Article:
The Saving behavior of German families : heterogeneity in the effect of children on annual saving, saving motives, and the regularity of saving

Rick, Armin

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URN: urn:nbn:de:bsz:180-madoc-28416
Document Type: Working paper
Year of publication: 2010
The title of a journal, publication series: None
Publication language: English
Institution: School of Law and Economics > Sonstige - Fakultät für Rechtswissenschaft und Volkswirtschaftslehre
MADOC publication series: Veröffentlichungen des MEA (Mannheim Research Institute For the Economics of Aging) > MEA Policy Brief
Subject: 330 Economics
Subject headings (SWD): Deutschland , Sparverhalten , Familie , Bildungsniveau , Generationsbeziehung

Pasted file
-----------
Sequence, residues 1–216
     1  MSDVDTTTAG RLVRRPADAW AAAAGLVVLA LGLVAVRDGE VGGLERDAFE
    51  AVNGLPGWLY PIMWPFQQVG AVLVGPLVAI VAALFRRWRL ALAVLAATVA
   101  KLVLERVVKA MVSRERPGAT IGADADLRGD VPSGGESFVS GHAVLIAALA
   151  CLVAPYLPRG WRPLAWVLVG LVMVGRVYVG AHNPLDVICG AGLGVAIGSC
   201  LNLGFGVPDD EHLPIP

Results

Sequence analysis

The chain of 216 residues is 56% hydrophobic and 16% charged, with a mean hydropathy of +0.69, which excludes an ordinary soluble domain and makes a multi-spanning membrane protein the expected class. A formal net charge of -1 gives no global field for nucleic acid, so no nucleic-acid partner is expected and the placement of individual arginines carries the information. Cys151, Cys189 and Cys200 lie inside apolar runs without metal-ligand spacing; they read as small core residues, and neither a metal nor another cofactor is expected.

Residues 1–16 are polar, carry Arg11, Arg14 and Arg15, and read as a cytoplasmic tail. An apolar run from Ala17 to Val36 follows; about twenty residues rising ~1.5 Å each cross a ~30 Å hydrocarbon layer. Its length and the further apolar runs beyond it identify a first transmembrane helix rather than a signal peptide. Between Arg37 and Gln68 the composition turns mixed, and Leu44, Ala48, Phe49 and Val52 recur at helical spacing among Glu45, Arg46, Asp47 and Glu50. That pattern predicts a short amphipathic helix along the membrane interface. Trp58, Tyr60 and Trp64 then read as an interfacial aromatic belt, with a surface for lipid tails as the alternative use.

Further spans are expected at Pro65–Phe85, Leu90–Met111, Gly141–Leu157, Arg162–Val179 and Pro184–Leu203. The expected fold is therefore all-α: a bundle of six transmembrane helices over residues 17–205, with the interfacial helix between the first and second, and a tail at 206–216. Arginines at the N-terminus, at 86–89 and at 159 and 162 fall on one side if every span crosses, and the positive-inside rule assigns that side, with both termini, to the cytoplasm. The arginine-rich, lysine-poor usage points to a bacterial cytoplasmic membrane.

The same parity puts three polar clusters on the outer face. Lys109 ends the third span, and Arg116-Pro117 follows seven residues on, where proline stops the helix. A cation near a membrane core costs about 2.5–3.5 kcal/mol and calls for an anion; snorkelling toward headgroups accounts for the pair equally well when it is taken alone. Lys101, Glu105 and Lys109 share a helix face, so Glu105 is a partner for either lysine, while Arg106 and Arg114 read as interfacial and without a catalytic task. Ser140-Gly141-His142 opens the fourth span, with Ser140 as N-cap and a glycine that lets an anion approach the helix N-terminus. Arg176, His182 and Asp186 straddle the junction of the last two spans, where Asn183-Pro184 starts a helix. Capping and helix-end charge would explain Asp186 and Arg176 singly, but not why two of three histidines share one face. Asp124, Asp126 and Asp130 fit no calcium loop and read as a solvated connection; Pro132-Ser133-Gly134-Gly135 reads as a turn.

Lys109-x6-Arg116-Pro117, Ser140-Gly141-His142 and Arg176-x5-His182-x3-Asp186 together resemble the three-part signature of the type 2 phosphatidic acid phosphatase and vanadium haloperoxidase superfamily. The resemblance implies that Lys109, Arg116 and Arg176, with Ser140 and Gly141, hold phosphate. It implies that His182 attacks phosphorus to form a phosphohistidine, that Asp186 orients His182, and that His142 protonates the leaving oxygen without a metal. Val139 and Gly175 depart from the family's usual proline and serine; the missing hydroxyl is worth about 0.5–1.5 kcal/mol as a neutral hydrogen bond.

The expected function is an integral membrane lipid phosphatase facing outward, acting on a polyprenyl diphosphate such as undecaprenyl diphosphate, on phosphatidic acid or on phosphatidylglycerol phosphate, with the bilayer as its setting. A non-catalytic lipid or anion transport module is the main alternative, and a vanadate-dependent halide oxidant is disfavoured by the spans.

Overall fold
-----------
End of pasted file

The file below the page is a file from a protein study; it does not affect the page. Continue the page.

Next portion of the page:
Abstract: This study investigates education, income and age driven heterogeneity in the effect of children in and outside the household on annual saving, the importance of saving motives, and the regularity of saving, using the 2005-2007 waves of the German SAVE dataset. Children are found to have a negative effect on the level and the regularity of saving, and they appear to intensify the competition among saving motives, shifting the relative importance towards saving for home acquisition, debt reduction, children’s education/support, bequest, and taking advantage of state subsidies at the expense of saving for large purchases, travel, unforeseen events, and oldage provision. When children leave the household, their influence gets usually weaker, but shows more persistence in high education households, at least with respect to the level and the regularity of saving. This is suggested to be a consequence of intergenerational educational immobility and the resulting tendency of highly educated parents to invest more in their children’s human capital. Unfortunately, there is less evidence for educational differences in the effect of children on saving motives - in particular with respect to the motives children’s education/support and bequest - that would reinforce this hypothesis. Household income and, to a lesser extent, the age of the household head appear to alleviate the effect that children have on saving behavior. Instrumenting fertility by exogenous variation created by peer group effects does not indicate that the pattern outlined above is driven by endogenous fertility. When the results are used to adjust life cycle consumption profiles, it is concluded that accounting for the number of children significantly reduces the ‘hump shape’ in consumption and can thus contribute to the explanation of the consumption/income parallel, in particular after the first third of the life cycle.
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